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Fire Safety Tips for a Safe Long Weekend

May 15, 2009

Mississauga Fire and Emergency Services' Fire Prevention Unit encourages residents to keep fire safety in mind this long weekend.

"We want people to think of fire safety when planning their long weekend activities which may include fireworks and going to the cottage." said Fire Chief John McDougall. "What may appear safe can quickly become dangerous if precautions aren't taken."

The following tips from Mississauga's Fire Prevention Unit will help residents stay safe. For more information, contact Mississauga & Fire Emergency Services Fire Prevention office at 905-615-4377.


  • Have a responsible adult in charge of handling and discharging all fireworks. Carefully read and follow all directions on the package.
  • Always keep a water hose or pail of water close by when discharging fireworks.
  • Discharge fireworks well away from combustible materials like buildings, trees and dry grass.
  • Discharge fireworks only if wind conditions do not create a safety hazard.
  • Keep onlookers a safe distance away, upwind from the area where the fireworks are being discharged.
  • Light only one firework at a time and only when they are on the ground. Never try to light a firework in your hand or re-light dud fireworks. For dud fireworks, it is best to wait 30 minutes and soak them in a bucket of water. Dispose of them in a metal container.
  • Keep sparklers away from children. Sparklers can burn hot and can ignite clothing, cause blindness and result in severe burns. As the sparkler wire remains hot for some time after burnout, it should be immediately soaked in water to avoid injury.
  • If someone gets burned, run cool water over the wound for three to five minutes and seek medical attention if necessary.

Cottage Safety

  • Install smoke alarms outside all sleeping areas and on every level and test them each time you arrive.
  • Install a carbon monoxide alarm if your cottage has a fuel-burning appliance.
  • Develop and practice a home fire escape plan for the cottage.
  • Know the telephone number for the local fire department and your cottage’s emergency sign number.
  • Clean barbecues before using them. Keep an eye on lit barbecues and ensure children, pets and combustibles are kept well away.
  • Check heating appliances and chimneys before using them.
  • Check with the local fire department, municipality or Ministry of Natural Resources to determine whether open air burning is permitted before having a campfire or burning brush.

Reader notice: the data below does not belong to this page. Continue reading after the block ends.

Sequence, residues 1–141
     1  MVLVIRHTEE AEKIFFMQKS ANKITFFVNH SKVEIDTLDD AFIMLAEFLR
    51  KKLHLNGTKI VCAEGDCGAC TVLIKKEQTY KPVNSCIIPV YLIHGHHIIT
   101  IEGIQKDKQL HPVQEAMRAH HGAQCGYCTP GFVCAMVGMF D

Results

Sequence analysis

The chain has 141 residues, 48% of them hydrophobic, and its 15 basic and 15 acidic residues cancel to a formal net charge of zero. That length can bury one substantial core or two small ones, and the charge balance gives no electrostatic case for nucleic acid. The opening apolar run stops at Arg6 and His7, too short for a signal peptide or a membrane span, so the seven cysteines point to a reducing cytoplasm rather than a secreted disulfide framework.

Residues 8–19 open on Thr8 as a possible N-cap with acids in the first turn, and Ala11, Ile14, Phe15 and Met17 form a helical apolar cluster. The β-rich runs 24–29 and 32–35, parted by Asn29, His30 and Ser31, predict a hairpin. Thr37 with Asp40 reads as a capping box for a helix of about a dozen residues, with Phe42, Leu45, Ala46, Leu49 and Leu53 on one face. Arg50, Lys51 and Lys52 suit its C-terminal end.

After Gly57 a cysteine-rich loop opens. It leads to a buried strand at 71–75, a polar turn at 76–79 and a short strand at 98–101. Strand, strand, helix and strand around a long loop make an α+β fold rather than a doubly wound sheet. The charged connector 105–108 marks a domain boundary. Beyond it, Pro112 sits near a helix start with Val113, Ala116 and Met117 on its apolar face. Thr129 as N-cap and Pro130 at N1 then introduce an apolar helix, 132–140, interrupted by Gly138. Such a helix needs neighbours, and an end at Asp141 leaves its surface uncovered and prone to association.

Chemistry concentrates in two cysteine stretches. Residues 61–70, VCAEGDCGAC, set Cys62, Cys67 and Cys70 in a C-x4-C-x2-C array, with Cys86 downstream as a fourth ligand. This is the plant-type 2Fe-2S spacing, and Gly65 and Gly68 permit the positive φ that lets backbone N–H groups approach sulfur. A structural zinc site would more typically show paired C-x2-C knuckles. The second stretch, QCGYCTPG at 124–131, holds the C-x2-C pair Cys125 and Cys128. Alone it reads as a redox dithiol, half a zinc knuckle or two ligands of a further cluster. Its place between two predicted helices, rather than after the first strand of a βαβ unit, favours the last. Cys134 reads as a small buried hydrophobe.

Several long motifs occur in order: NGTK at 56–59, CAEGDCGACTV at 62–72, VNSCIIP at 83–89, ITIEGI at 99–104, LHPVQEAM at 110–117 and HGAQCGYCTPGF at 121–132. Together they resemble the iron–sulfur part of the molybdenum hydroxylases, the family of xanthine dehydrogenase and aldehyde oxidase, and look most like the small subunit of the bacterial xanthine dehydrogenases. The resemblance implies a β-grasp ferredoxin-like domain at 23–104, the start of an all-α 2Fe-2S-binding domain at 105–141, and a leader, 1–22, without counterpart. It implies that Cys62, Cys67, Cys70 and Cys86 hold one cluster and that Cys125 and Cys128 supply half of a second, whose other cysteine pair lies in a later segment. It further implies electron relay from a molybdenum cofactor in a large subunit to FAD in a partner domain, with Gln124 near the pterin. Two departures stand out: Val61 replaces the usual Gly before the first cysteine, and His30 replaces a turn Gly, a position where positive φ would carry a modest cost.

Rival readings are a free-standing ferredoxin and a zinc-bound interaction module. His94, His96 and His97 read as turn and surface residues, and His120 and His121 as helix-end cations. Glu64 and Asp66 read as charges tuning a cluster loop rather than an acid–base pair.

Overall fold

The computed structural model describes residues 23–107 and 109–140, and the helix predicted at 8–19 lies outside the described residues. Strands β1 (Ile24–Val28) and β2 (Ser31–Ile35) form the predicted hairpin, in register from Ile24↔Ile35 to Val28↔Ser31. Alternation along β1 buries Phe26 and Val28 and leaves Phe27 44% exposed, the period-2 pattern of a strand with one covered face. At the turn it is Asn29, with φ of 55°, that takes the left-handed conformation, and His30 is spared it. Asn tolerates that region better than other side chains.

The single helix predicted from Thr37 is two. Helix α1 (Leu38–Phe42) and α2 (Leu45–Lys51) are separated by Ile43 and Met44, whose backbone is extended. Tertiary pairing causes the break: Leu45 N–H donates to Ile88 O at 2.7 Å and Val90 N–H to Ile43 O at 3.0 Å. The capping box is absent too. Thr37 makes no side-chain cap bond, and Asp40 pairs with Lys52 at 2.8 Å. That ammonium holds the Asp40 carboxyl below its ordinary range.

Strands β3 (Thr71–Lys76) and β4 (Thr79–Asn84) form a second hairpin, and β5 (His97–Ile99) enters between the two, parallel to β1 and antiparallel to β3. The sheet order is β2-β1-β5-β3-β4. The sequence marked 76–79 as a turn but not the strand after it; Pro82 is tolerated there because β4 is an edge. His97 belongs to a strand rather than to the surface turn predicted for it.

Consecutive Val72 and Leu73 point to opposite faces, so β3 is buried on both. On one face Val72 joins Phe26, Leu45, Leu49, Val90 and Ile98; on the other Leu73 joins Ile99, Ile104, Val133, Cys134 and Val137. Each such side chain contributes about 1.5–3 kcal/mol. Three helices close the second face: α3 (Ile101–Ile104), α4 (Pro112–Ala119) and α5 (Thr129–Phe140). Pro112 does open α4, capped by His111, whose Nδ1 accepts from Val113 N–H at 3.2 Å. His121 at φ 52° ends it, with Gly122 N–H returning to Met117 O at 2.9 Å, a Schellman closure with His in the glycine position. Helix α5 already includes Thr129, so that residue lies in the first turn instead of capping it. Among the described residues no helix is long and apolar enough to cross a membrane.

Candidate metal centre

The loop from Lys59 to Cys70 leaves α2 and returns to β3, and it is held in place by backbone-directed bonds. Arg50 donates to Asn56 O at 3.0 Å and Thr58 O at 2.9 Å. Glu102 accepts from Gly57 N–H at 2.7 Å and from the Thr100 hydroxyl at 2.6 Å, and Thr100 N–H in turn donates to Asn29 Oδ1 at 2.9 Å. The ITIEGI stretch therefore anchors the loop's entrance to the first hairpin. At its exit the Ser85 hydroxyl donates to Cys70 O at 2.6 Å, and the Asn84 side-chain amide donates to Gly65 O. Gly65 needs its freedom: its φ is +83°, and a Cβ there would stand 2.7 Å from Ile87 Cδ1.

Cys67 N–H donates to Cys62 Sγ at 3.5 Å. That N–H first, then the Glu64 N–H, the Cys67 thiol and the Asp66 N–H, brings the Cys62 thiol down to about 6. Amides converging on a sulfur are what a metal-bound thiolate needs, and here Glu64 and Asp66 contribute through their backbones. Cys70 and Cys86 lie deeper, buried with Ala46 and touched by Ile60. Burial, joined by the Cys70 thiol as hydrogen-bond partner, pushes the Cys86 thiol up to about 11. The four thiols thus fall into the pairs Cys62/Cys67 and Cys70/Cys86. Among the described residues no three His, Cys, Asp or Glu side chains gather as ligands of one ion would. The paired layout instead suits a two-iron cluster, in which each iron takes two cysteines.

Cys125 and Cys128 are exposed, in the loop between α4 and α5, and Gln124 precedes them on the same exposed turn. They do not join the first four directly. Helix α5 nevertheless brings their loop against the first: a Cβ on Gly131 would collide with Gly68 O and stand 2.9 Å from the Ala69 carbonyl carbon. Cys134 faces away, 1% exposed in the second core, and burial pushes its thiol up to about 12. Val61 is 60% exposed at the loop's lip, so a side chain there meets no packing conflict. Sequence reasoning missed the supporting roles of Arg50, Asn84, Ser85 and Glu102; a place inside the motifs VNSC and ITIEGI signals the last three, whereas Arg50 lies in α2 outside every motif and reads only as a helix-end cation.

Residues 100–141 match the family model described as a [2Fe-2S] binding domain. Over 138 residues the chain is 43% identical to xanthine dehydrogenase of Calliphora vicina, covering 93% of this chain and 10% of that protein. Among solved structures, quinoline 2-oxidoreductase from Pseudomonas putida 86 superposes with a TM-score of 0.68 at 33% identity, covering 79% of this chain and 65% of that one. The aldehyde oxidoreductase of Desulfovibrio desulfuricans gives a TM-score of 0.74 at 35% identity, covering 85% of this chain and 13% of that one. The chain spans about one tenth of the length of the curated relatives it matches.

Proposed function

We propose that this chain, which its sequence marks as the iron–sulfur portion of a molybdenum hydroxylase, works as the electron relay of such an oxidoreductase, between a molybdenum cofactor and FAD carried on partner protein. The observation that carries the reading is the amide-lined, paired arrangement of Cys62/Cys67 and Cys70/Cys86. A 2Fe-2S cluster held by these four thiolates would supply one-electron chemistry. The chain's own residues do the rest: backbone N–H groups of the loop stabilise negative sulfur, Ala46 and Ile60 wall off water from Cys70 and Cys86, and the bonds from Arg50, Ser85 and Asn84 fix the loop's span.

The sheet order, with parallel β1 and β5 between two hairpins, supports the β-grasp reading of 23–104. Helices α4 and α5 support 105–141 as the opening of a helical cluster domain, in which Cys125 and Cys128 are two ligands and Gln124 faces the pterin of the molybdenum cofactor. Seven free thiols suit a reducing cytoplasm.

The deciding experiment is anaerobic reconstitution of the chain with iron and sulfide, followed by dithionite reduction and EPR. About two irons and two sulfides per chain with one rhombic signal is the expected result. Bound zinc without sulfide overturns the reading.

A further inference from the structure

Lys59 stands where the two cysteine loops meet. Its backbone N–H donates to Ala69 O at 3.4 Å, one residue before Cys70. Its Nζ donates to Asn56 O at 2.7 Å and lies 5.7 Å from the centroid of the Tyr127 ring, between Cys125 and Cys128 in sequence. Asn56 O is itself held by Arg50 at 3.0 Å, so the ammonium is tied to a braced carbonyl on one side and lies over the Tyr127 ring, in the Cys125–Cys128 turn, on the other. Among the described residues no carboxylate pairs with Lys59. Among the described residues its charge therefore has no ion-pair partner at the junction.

Smoke Alarms

  • Install smoke alarms on every level of your home and outside all sleeping areas.
  • Install smoke alarms on the ceiling or as high up on the wall as possible. Avoid installing ones near bathrooms, heating appliances, windows or close to ceiling fans.
  • Test your smoke alarms regularly using the alarm test button.
  • Install a new battery at least once a year. When the clocks change in the spring and fall it is a good time to change your smoke alarm batteries.
  • Gently vacuum the smoke alarm every six months. Dust can clog the smoke alarm, so carefully vacuum the inside of a battery powered unit. For electrically connected units, shut off the power and vacuum the outside vents only. Remember to restore the power and test the unit when you’re finished vacuuming.
  • Smoke alarms more than 10 years old should be replaced.
  • Make sure that everyone knows the sound of the smoke alarm and what to do if a fire occurs

Candle Caution

  • Use flashlights whenever possible. If you must use candles, take extreme care. Candles should be placed in secure candleholders, protected by a glass chimney.
  • Keep candles away from combustible materials such as curtains or drapes.
  • Place candles out of reach of children or pets.
  • Extinguish all candles when you leave the room or go to bed.
  • Avoid using candles in bedrooms and never leave candles unattended

Matches and Lighters

  • Keep all matches and lighters out of sight and reach of children, preferably in locked cabinet.

Plan Your Escape

  • Ensure everyone in your home knows what to do in case of fire. Make a family fire plan to determine who is going to look after children or older adults and where everyone is to meet outside the home.

It is helpful to have a phone in the home that would work during a power failure.

Mississauga is Canada's sixth largest city with a population of more than 700,000. With well-established infrastructure and state of the art facilities, the City is considered to be an employer of choice, delivering quality municipal programs and services to its citizens. Mississauga is a dynamic, diverse, and progressive municipality, known for its economic strength and for being Canada's safest city.


Media Contact:
Laurel Schut
Manager, Corporate Communications (A)
Phone: 905-615-3200 x5832
TTY:    905-896-5151